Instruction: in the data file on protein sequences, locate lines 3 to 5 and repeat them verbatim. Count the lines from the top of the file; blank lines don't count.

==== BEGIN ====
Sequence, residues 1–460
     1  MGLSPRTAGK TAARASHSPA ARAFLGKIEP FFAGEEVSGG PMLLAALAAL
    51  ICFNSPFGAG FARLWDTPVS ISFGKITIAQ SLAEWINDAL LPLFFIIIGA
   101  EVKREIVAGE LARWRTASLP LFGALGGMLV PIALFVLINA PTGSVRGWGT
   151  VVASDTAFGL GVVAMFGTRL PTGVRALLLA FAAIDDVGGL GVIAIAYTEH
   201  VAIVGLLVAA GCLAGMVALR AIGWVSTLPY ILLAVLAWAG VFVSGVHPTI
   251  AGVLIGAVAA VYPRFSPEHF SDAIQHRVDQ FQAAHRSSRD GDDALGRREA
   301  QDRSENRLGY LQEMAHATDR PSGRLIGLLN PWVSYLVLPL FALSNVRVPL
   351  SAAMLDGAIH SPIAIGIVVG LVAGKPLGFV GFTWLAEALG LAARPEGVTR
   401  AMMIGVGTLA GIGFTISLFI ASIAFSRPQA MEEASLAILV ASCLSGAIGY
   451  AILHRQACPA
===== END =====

    51  ICFNSPFGAG FARLWDTPVS ISFGKITIAQ SLAEWINDAL LPLFFIIIGA
   101  EVKREIVAGE LARWRTASLP LFGALGGMLV PIALFVLINA PTGSVRGWGT
   151  VVASDTAFGL GVVAMFGTRL PTGVRALLLA FAAIDDVGGL GVIAIAYTEH